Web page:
The Lincoln Star from Lincoln, Nebraska on November 24, 1985 · 35
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The Lincoln Star from Lincoln, Nebraska · 35

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Lincoln, Nebraska
Issue Date:
Sunday, November 24, 1985
Page:
35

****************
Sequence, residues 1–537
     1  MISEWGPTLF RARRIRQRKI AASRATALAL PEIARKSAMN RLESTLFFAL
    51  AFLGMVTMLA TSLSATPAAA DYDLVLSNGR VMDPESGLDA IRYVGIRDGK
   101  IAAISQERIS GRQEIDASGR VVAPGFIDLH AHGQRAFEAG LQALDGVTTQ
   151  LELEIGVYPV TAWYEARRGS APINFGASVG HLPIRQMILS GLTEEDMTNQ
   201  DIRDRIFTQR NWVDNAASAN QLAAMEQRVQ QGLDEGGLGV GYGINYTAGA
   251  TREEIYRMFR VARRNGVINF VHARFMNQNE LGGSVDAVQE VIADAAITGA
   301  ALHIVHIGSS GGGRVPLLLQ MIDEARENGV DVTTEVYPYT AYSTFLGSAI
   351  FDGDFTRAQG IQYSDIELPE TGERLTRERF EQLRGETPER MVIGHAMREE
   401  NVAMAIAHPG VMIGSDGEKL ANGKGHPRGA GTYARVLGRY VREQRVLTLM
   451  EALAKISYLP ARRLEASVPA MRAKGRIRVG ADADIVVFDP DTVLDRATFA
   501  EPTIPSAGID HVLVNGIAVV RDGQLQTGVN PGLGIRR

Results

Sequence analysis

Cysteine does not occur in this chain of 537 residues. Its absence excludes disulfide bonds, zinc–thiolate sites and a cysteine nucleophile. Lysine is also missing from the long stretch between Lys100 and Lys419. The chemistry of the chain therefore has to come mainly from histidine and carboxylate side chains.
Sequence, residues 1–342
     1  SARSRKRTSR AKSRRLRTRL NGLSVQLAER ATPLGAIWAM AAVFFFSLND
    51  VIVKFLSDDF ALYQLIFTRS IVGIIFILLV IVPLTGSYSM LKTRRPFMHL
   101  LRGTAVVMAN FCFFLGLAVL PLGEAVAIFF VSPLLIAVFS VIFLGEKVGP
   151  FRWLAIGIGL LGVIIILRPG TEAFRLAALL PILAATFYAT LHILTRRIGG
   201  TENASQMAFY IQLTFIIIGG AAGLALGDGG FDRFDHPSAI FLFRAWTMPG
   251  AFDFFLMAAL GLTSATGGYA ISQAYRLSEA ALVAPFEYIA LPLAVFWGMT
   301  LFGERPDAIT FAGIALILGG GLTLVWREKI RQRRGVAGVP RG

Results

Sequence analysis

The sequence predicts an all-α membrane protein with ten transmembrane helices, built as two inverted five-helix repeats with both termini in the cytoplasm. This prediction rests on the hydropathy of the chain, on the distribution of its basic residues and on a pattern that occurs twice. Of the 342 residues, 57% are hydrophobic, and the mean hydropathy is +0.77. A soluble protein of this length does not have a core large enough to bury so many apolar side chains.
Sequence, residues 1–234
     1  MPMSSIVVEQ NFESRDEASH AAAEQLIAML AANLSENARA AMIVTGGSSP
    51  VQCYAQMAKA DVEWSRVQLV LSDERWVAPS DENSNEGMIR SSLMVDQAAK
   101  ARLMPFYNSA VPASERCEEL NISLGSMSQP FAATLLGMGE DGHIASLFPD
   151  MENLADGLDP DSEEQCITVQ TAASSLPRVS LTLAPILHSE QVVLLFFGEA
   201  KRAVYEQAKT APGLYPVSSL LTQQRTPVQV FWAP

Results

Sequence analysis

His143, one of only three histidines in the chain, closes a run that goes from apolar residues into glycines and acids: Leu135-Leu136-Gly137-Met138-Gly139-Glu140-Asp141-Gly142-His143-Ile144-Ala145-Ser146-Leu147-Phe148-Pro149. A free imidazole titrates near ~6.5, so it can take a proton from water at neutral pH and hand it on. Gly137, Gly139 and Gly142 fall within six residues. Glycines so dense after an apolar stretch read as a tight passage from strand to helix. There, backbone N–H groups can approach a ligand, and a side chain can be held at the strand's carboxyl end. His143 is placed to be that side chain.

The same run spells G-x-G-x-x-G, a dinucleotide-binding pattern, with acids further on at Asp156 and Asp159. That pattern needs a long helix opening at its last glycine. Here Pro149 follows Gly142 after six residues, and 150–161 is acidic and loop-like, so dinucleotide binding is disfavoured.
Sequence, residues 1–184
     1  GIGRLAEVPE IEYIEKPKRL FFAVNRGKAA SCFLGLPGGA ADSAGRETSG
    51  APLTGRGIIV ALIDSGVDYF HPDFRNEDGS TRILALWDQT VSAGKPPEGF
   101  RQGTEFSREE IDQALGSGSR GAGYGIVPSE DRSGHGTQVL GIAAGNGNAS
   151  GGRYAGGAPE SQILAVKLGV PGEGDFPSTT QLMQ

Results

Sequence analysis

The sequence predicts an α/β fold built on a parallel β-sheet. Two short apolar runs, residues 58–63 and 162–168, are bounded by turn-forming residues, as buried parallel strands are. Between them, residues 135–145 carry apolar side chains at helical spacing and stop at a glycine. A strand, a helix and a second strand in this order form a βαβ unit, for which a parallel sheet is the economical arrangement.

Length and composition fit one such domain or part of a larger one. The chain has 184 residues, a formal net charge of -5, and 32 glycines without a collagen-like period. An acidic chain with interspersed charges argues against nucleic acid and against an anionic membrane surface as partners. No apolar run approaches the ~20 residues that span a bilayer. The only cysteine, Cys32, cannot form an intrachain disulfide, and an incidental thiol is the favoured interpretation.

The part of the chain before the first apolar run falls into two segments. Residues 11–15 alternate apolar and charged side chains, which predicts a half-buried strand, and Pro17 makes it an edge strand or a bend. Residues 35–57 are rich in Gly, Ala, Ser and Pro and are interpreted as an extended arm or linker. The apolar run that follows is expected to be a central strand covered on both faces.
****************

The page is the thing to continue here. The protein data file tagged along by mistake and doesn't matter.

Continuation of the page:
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y m "r'M ' l'lt m ft1 ' If USECERS C 37D SUNDAY J0URNAL-8TAfl & old times rsoKMAN, Okia.1 - On the first play from feBmmage Saturday afternoon, In what was sup-ym& to be an evenly matched football lame, Oklahoma quarterback Jamelle Holleway kept fei-an option ant beaded right, where be was feathered by Nebraska defensive tackle Chris fjsshman for a I-yard loss. ; darkness settled over Owen Field later In IWday, the irony of that opening play was re-Clcted ta the bright lights on the scoreboard: Cfclahoma 27, Nebraska?. . Oklahoma's first play, even its opening series, which went three-downs-and-punt, was a poor in-ifccaUon of what was about to happen. The Soon-eisrand Cornhuskert. might have been evenly rjached, but you wouldn't have guessed that watching Saturday's game, 241 seemed like old times, like the Comhuskers' (trite-game winning streak over Oklahoma from 1981 to 1983 had never happened. AH those years t of frustration came flooding back on Saturday afternoon. Once again, the Sooners had their way. Prior to the game, they talked about beating Nebraska as if they knew what would happen. And after that aborted first series, they backed up every irritating word. Oklahoma caught the Comhuskers out of position, like the time Keith Jackson, a tight end, raced 88 yards on a reverse to score. And even when Nebraska's defense was in position, it didnt seem to matter to Holleway, who broke at least three tackles on the first of his two touchdown runs. ' - : : At times, it looked like the Comhuskers bad forgotten how to tackle, which, of course, wasnt the case. ' The problem was Oklahoma, and there was nothing Nebraska could da ' Mike Babcock ' ' v. V- Cotumnlit AH week, NU Coach Tom Osborne said he couldnt worry about Oklahoma because he had no control over the way the Sooners would play. His concern was that the Comhuskers play as wen as they could play. So what happened? . "I'm not too proud of the way we played today, but we tried bard," Osborne sail "We tried as hard as we could, but we weren't able to domi nate the way we have a lot of others." Talent, rather than effort, was the difference in Saturday's game. Oklahoma was too quick. The Sooners had too much speed for the Comhuskers, on both offense and defense. Nebraska could make all the half-time adjustments it wanted, but the Comhuskers couldnt get any faster. For the first time in 73 games, Nebraska wasnt favored, and as one writer suggested afterward, the Cornhuskers shouldn't have been. If the 20-point loss wasnt disappointing enough, consider this: much of Oklahoma's team returns next season. In fact, most of the key Sooner players are sophomores and freshmen Holleway, of course, Is a freshman, and so are several of Oklahoma's running backs, including Anthony Stafford and Leon Perry. Jackson, linebacker Brian Bosworth, defensive end Damn Seed and fullback LydeU Carr are sophomores. TheyTl only get better. . ... For the time being, however, Nebraska's disappointment Is coming so close to a chance at the national championship and seeing it disappear at the hands of Oklahoma. This Comhusker team was good enough to dream. Now, instead of playing Penn State for the national title hi the Orange Bowl, it win spcMv. Year's Day in Tempe,&i4 Nebraska win play Michigan in the Fiesta Bowl, which may be the. only consolation in Saturday's loss to Oklahoma. ; The Orange Bowl's hospitality has left something to be desired in recent seasons. But the-Fiesta Bowl doesnt get the Big Eight champion and it doesnt offer a chance to win the national title. - , . The Comhuskers had to lose to get there. And '; .they did, convincingly. etter athletes gave OU tep on JtiusKer defense By Ryly Jane Hambleton IORMAN, Okla. There was a pretty obvious difference en Oklahoma and Nebraska In Charlie McBride a esu- ; Athletically, we werent in the park with them," said the tilers' defensive coordinator. "They have much better ath-tetf than we have. y Syfl besides, our tackling was atrocious." Execution was the key In Oklahoma's 27-7 victory over Ne-bra: a at the Sooners1 Memorial Stadium Saturday in a natron ly televised game. . ley executed their offense very well," McBride said. "The ran their offense, except for those two trick plays, and they lidnt really do anything that was unexpected. We got beat i an three phases of the game kicking, offense and de-fens' Jac son made difference Thj first of those trick plays McBride mentioned was a tight ind reverse on Oklahoma's second series of the game, a play tkat resulted in Keith Jackson's 88-yard touchdown run. . - '"Wthout Jackson, Oklahoma would be a good team, but he's the diference." McBride said. "He can get on you in so many ways 4- blocking, running, catching the baU and do things welk: "I dnt think the reverse affected us mentally because vveVe bten in those situations with Oklahoma before." Both McBride and head Coach Tom Osborne said they hadn't seen the reverse in earlier Sooner games and it caught the Huskersofl-guard. - '"That should have been in their offense an along," McBride said. "I guess they saved it for us. You kiow, we usually are the ones with the trick plays, but theirs was more productive than any of ours have been." Big play downed NU sThe Huskers" defense which entered the game ranked third in the nation in both total defense and rushing defense -gave up 42 yards on the ground, with Jackson contributing 136 yards on three carries while freshman quarterback Jamelle Holieway had 110 yards on 25 rushes. jSaid McBride: "The big play killed us. That's something we warned the team about all week. It does every year with Oklahoma.. t "Against Colorado, they had two 19-play drives, and that's the. first time I've ever seen that happen. They usually have some play stuck In there that they rip off." t McBride offered some observations on the defensive problems. ; ' XI thought on the perimeter, which is our outside guys, we hid them locked "up a couple of times and we did.a wen, you can. say poor or you can say lousy job of tackling," he said. "We seemed kind of hesitant on defense. Overall, except for the big plays, we were so sporadic. It's hard to figure out, but I ' knowwedidntdoagoodjobfundamentaUy." McBride said there Is a special talent for defensing the wishbone off ense, and speed is a big factor. "We didnt have the athletic ability to match up with their speed. We were a shade slow in the secondary, but it's more than that," he said. "It takes time to learn to read the wishbone and play it It takes a person not only of great athletic ability, but also intelligence. . .... "If you're thinking about things off the field and not studying the films enough, you win make mistakes. "We could have had a better week of practice. The weather hurt us, but ln.a game like this, that doesnt make a big difference. The players know what to expect But I think we were about a day behind in preparing for the wishbone." The Sooners' speed created problems for Nebraska, but that wasnt the only hurdle for the Huskers, according to defensive tackle Jim Skow; "Holieway is kind of like a field mouse really quick and he Jumps around a lot," be said. "We thought we bad him contained a few times and he just got away. He has a lot of talent "But I dont think speed was the only difference. We had problems of missed assignments and having to deal with the blocking schemes of the wishbone." Wishbone inherently tough to defense Nebraska middle guard Danny Noonan agreed, and said the Sooner offensive linemen "werent the best we've played. . against but the offensive backs made up for it" However, linebacker Kevin Parsons, who led the Huskers with 10 unassisted tackles and three assists, said the wishbone offense Oklahoma uses was as much a factor as the players who run that offense. . "Oklahoma is not necessarily the best offense we've played But there are some inherent qualities In the wishbone that make it explosive," he said. "There could be a series where they dont gain a yard and then there can be a series where they break one for 80 yards. ."That's not to take anything away Trom their players, because they are great" Parsons said the defense didnt panic or become discouraged after the first quarter, when Oklahoma took a 14-0 lead The second Sooner touchdown was a 43-yard run by Holieway, and the drive was kept alive by a 38-yard pass from Holieway to Jackson. Both plays came on third down. "I didnt feel like we werent doing anything right" Parsons said. "The big plays they had were plays that if they were playing against the Chicago Bears could have been big plays. "Sometimes you just over-pursue a reverse and that can do anything. Sometimes you get dropped for 20 yards or go for 80 yards." 45 li- Ik X 1 1 , . : f it rl 1 I "' A j ; ;.f -j I ,' I -4 ' i I r.y f it 1 f:j: ...... ;;::::s:-;:;i:;--::: NU's Danny Noonan wraps up Sooner quarterback Jamelle Holieway Hi ill J W "Nebraska-Michigan game just what Fiesta Bowl ordered By Virgil Parker v NORMAN, Okla. - Fiesta Bowl official Alex i Crutchfield emphasized, he wasnt wishing Nebraska any bad luck here Saturday. Tm sorry Nebraska had such a bad day," Crutchfield said after the Huskers absored a 27-7 beating by Oklahoma, "tut, we got the matchup we wanted By far, it (Nebraska versus Michigan) will lie the best matchup in the history of our bowl" . , Crutchfield said Saturday's game could have been a lot closer, "but when you lose two scores like Nebraska did after gaining the other guy's five-yard line, it makes it doubly tough to take. Oklahoma played very well, while Nebraska just couldnt seem to get it going." Crutchfield said the Fiesta Bowl committee has had "a warm spot for Nebraska ever since they came to Phoenix in 1975. They were our first major team. Their appearance that year is what gave our game national credibility. We've been trying to get them back for 10 years. ' J "But we put together our 'dream' game," Crutchfield insisted, again. "From the very outset we wanted Nebraska and Michigan. And we got them." Nebraska and Michigan will each get 11,700 tickets for the Fiesta Bowl, Crutchfield said. "And, I was just informed this afternoon," he added, "that all of our tickets have been sold So we're sure well have a sellout crowd of 72,000." The Arizona State stadium seated 54,000 when the Huskers lost a 17-14 decision to ASU in the 1975 game. The Nebraska athletic department announced that ticket requests for the Fiesta Bowl game will be accepted immediately by maiL They are priced at $25.00 each. Checks should be made payable to the University of Nebraska. Those placing orders should include $2 extra per order to cover mailing and handling charges. If ticket requests exceed the Nebraska allotment, a priority system will , be used to fill the orders. Early postmarks win not matter as long as the request is dated Dec. 2 or before. No telephone orders win be accepted Requests should be mailed to: Athletic Ticket Office, PO Box 82848. Lincoln, NE, 68501. t3Sit?:5!ffTWrSWSW '' 'J.' J 111 - '- " ' ' 1 I f f I'm ? i f ,(v4 ' ' . o M i - ,. v. . . ( k 1 " - f $" . ' v I'.'-i1-; - OU defense offers NU backs nothing: Von Sheppard (2) dashes to the Oklahoma 6-yard-line on this 52-yard run In the second quarter. But the Huskers failed to score. By Ryly Jane Hambleton NORMAN, Okla. - When the No. 1 rushing offense meets the No. 1 rushing defense, something has to give. But Oklahoma didnt give Nebraska, anything in the Sooners1 27-7 victory over Nebraska Saturday. "Oklahoma has a really fine defense and we really didn't get anything accomplished against them," said senior fullback Tom Rathman, who had 28 yards rushing on eight carries. "Their defensive line does a fine job of keeping the linebackers free and the linebackers make a lot of plays - at least they did today." The Sooners held Nebraska to 161 yards on the ground, allowing just 38 yards in the second half after taking a 17-0 lead Combined speed, toughness "We couldnt change our game plan. We ntew we'd have to try them inside and Outside to see what they were giving . us, but they gave us nothing," said sopho- "-; more quarterback McCalhorn Clayton. ' "When we went outside, their speed pre- ' vented us from getting going and Inside they were tough. . "If we could have established our running game, it would have helped the pass. But when they stopped our running " game, the defense knows you're going to have to pass the ball" Clayton said he thought the Huskers could come back after Keith Jackson's -88-yard reverse for a Sooner touchdown, ' "But you can't make mistakes and you have to be consistent Everything was going right for their defense," he said "But Oklahoma is the toughest team we've played with their overall speed and you cant take anything away from them." NU couldn't intimidate Rathman said he thought the HusKers didnt do the damage to the Sooners that they did last year in a 17-7 loss. "Last year, I thought we physicauy abused them. This year, I thought we' were hitting them pretty good in the first half but things just werent going right" he said "They almost shut us out today and we have a better offense than that " , .1 "But then again, they have a good defense and we really didn't have too many breaks today." The Huskers started the game with a 'first down oh a pass from Clayton to Robb Schnitzler, but the Husker offense .stalled " '" "I felt at the start of the game that we-could take it and drive down the field on them," said Rathman. "We wanted to try hard and win the game because there was a lot at stake a good chance to win the national championship. ; "Oklahoma has a reaJly fine defense, but we stopped ourselves some of the time."